For many Indigenous people around the world, their traditional lands are archives of their histories, from the deepest of time to recent memories and practices. Some of these landscapes hold particular importance to the identity and well-being of cultural groups today. Such places, recently termed “Cultural Keystone Places” (CKPs), are iconic for these groups and have become symbols of the connections between the past and the future of people and place. In this session, we present the historical ecology of Cultural Keystone Places of the Northwest. Researchers bring together the data and knowledge gleaned from interviews, oral histories, and ecological, archaeological, and botanical studies to recreate the deep and recent histories of these cultural landscapes. These CKPs are vivid examples of the historical secrets held within the lands, water, and ecosystems of the Northwest. Extensive management and use of culturally valued resources and ecosystems – reflected in a continuum of native fruit orchards, berry gardens, intertidal root gardens, and clam gardens – belies the appellation of Northwest Coast peoples as “hunter-gatherers” and their landscapes as “wild”.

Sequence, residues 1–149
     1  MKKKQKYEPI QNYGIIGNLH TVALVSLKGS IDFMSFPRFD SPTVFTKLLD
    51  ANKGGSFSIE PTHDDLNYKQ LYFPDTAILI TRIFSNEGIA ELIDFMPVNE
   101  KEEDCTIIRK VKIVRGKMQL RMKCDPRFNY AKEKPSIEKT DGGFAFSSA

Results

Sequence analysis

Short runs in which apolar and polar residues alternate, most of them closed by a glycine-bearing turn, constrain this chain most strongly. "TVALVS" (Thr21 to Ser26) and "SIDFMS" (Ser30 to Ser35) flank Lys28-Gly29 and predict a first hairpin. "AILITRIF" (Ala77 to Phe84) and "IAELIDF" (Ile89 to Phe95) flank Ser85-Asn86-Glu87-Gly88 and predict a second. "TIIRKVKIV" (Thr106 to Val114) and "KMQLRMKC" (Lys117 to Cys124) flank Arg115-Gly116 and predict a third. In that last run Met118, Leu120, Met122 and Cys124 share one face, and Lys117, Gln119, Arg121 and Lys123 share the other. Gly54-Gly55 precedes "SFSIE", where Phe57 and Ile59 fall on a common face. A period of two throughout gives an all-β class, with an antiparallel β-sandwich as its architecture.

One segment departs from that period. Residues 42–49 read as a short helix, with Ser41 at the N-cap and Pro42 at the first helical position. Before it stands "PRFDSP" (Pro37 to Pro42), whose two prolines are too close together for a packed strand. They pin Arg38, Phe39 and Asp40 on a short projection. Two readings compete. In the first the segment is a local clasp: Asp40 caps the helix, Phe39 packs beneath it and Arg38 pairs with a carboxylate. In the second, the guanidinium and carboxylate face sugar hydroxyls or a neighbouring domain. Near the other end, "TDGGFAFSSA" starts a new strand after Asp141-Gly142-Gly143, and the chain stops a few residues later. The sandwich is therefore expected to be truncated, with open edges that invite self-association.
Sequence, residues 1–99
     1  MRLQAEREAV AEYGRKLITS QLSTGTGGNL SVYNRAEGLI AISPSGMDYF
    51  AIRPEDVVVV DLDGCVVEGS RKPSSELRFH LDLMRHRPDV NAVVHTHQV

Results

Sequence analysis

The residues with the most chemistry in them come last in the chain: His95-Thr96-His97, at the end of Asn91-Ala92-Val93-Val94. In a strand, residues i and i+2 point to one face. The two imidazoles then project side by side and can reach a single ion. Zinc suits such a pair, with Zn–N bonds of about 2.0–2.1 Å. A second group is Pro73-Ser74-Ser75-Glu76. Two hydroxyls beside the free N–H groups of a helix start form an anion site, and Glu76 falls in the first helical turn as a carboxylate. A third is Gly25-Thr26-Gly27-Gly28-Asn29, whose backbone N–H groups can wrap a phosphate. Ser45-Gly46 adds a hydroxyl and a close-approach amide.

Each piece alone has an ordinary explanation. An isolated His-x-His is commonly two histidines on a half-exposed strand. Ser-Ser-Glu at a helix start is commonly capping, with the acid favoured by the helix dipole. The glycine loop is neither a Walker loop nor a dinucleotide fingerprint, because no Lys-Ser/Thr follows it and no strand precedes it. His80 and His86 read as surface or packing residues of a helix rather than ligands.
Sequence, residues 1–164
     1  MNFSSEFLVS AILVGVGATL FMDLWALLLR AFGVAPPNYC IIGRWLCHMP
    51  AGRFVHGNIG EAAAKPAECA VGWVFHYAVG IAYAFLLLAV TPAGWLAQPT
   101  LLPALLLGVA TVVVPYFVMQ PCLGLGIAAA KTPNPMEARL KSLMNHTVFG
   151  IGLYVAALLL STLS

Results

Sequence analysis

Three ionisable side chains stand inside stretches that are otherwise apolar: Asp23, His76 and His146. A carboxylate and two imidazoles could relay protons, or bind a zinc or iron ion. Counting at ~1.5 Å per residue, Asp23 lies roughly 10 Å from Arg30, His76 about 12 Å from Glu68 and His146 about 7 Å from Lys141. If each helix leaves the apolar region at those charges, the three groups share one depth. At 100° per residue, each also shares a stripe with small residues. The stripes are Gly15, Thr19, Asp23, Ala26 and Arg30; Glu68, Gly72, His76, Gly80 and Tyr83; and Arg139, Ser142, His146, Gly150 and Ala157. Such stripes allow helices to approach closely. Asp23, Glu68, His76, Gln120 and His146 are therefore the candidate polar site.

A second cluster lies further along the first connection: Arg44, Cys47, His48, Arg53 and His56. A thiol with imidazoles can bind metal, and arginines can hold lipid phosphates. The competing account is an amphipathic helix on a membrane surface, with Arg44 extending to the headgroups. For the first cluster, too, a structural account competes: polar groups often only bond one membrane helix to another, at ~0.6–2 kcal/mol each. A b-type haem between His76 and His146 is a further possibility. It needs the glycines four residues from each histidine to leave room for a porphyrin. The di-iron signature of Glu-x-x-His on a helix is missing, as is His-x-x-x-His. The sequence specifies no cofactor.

Zooarchaeology in the American Southwest and Northwest Mexico: New Pathways and Future Directions
Zooarchaeology is relevant to a wide array of socio-environmental concerns as well as to disciplines as diverse as ecology, conservation biology, geography, and geology. This is especially true in the Southwest/Northwest region, where the rich and tangible material culture, long history of archaeological research, and pressing environmental issues combine to produce a promising arena for theoretically-driven ethnobiological research on archaeofaunal remains. The papers in this session assess the current state of zooarchaeology in the Southwest/Northwest and explore new directions for archaeofaunal research.